We’re publishing an original essay today by regular contributor James Alexander, an Assistant Professor in the Department of Political Science at Bilkent University in Turkey. In this piece, he surveys the academic literature on bullshit – yes, there is a substantial body of work – and concludes that there is a strong strain of bullshit in the response by governments around the world to the COVID-19 pandemic. Here is an extract:

Bullshit is obviously essential to politics. Consider the following description, in effect, of a politician: “The bullshitter may not deceive us, or even intend to do so, either about the facts or about what he takes the facts to be. What he does necessarily attempt to deceive us about is his enterprise. His only indispensably distinctive characteristics is that in a certain way he misrepresents what he is up to”. The consequence of the existence of bullshit, of this trading in truth or perhaps untruth in a careless but extremely purposeful manner, is that it creates a bullshit world. Truth has never mattered much in politics. Much is symbol, or magic, or illusion. Consider ‘representation’ for instance: it is nothing but symbol, magic and illusion. Consider crown, unction, sceptre, sword, wig, robe, and the ultimate English bullshit of the phrase ‘My right honourable friend’. Voltaire famously said that the Holy Roman Empire was not holy, not Roman and not an empire. In the same way, our ‘right honourable friend’ is not right, not honourable and not our friend. I jest, so let us quote Frankfurt again: “Bullshit is unavoidable whenever circumstances require someone to talk without knowing what he is talking about.” Again, and in the spirit of being generous to politicians, this is eminently political. For politics, certainly parliamentary and deliberative and consultative and counselling politics, involves everyone talking about things they know nothing about: the future, or the facts. Bertrand de Jouvenel brilliantly defined politics as being whatever is left over when the engineers, technocrats and experts have solved all our problems. He defined politics as being composed of problems which cannot be solved but only settled, through compromise and accommodation, and, we might add, in a less decorous age than Jouvenel’s, by bluster, balderdash and bullshit.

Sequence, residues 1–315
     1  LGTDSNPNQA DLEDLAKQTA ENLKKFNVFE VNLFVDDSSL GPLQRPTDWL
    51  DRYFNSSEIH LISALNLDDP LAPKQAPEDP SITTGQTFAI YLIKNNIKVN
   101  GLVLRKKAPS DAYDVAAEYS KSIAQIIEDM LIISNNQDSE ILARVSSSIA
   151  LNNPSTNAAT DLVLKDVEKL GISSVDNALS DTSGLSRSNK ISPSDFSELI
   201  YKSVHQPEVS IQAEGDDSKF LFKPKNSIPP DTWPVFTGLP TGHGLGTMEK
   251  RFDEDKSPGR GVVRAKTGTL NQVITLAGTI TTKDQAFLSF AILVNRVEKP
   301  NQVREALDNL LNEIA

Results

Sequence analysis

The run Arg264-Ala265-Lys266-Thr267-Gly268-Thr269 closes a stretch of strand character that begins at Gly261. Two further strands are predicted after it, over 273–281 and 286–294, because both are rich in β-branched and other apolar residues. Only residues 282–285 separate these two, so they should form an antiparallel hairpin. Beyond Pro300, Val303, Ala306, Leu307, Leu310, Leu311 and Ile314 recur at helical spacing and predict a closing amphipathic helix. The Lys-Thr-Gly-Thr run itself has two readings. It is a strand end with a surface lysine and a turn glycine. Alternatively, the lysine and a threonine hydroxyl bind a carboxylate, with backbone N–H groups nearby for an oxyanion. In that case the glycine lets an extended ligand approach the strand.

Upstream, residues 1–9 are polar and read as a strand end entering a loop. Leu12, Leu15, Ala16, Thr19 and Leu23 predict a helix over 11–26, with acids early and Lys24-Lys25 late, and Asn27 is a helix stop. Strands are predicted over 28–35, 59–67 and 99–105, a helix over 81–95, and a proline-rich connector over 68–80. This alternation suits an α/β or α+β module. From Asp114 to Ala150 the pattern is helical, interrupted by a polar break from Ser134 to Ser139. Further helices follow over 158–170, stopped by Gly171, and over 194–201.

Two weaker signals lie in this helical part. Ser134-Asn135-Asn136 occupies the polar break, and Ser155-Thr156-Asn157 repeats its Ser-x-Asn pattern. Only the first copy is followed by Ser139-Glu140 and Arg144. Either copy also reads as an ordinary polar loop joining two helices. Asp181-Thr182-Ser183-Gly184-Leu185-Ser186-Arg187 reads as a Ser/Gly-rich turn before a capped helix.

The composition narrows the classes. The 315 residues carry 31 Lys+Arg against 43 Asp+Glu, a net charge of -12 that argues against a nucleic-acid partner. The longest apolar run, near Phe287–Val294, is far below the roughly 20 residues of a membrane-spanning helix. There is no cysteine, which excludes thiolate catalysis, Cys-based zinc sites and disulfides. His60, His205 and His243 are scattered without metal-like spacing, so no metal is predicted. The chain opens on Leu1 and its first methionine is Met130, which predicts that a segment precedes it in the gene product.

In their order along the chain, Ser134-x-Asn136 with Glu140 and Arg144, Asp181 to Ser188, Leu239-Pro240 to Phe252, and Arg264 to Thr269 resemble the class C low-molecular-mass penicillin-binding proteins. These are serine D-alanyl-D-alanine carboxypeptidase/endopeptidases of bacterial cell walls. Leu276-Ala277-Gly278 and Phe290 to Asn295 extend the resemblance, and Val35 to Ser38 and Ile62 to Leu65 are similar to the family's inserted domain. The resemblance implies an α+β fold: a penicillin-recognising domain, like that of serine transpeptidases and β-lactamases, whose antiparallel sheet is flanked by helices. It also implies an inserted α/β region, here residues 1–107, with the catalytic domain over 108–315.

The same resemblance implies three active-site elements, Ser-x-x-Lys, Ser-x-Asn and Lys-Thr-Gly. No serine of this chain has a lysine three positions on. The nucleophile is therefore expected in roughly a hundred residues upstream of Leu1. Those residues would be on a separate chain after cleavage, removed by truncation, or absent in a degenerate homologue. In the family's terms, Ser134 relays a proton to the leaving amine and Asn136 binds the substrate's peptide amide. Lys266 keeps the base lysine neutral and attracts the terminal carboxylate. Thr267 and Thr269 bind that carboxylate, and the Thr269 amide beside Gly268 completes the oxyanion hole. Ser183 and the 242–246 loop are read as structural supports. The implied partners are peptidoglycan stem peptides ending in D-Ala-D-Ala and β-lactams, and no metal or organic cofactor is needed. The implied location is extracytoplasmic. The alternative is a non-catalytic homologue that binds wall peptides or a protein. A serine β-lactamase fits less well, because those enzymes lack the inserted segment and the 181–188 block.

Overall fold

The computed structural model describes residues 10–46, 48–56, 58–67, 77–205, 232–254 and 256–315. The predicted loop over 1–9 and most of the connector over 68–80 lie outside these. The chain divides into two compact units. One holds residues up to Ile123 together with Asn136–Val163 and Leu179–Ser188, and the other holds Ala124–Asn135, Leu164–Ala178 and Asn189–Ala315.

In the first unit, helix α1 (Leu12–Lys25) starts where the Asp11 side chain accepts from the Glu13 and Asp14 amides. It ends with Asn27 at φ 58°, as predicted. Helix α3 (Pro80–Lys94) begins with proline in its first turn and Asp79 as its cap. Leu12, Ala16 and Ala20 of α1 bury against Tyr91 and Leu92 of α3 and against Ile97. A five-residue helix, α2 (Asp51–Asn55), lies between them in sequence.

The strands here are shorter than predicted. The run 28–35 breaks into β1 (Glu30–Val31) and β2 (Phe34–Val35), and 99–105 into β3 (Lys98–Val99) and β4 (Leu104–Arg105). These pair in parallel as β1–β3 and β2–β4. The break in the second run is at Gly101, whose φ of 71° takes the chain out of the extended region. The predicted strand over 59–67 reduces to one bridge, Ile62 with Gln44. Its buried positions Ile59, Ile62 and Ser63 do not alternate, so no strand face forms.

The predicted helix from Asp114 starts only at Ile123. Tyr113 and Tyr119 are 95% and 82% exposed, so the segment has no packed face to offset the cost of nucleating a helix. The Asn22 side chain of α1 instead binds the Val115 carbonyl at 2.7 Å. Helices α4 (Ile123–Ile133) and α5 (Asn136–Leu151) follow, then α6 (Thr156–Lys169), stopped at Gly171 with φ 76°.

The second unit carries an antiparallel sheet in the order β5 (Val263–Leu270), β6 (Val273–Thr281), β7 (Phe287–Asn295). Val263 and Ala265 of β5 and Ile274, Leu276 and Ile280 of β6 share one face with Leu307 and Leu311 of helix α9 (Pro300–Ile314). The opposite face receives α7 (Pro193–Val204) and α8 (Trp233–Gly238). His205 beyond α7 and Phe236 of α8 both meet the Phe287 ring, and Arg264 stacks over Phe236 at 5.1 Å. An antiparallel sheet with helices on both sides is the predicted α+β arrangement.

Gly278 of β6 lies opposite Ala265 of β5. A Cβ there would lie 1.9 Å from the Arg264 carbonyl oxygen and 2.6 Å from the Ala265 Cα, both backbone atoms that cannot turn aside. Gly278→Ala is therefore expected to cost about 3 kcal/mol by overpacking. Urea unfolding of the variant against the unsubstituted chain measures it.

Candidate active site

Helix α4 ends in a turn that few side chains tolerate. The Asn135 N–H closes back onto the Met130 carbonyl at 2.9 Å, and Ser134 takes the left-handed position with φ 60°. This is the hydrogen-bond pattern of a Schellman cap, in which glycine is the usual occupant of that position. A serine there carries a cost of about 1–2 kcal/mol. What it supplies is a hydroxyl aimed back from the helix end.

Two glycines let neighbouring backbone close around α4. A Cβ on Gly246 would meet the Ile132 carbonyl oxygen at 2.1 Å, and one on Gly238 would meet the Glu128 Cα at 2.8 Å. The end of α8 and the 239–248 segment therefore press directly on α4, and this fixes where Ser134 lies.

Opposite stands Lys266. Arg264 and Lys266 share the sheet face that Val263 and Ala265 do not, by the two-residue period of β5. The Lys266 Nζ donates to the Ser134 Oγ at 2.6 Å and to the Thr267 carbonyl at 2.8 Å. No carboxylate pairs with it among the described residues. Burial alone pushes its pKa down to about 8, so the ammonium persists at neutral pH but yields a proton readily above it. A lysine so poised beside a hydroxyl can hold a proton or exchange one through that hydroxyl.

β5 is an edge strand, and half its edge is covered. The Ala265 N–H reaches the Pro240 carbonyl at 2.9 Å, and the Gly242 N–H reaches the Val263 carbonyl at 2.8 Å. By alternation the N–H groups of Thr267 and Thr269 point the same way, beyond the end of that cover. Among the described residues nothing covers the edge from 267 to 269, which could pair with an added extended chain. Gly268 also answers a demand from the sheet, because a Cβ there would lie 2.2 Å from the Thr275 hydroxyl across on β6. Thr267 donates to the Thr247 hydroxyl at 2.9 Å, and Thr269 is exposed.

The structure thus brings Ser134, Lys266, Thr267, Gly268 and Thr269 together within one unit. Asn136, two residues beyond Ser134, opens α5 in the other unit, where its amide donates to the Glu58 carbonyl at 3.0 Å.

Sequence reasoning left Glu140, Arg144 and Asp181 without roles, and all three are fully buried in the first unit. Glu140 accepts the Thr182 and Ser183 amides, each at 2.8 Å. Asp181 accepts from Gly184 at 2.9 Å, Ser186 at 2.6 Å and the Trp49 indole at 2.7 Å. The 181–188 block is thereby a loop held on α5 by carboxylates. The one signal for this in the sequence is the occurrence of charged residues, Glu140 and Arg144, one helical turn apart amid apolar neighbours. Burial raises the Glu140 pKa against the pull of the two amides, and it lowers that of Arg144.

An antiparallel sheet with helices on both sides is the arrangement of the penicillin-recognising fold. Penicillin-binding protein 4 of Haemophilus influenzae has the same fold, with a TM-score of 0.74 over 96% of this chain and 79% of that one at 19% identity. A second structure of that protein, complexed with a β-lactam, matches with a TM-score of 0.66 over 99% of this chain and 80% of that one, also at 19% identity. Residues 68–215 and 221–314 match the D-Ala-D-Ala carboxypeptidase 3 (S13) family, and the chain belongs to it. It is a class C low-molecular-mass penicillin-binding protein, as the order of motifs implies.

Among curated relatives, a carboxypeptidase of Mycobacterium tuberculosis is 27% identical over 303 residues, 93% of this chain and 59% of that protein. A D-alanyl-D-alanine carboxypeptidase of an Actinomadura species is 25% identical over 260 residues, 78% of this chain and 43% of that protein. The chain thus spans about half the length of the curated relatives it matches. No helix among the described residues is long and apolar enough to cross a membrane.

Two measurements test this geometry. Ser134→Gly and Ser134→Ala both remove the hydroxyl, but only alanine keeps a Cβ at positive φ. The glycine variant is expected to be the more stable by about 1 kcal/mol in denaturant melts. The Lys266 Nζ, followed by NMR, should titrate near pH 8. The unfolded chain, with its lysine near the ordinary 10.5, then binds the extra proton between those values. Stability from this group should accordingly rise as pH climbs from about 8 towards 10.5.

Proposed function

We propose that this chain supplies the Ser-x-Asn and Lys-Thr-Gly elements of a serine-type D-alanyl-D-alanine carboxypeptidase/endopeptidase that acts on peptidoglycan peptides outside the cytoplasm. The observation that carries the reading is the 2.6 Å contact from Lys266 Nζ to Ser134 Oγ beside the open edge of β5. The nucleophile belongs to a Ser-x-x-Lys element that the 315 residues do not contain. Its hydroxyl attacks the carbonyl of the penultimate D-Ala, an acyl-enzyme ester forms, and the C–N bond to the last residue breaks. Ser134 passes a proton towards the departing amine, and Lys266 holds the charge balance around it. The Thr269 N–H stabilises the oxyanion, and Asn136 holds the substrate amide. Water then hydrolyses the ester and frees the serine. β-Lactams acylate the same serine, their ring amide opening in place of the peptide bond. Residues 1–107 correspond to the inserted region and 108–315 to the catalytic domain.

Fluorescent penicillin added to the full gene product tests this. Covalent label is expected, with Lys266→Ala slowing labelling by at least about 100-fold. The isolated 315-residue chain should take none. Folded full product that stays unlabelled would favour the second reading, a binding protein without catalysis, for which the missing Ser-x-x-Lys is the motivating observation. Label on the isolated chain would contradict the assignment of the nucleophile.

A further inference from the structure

Worth reading in full.

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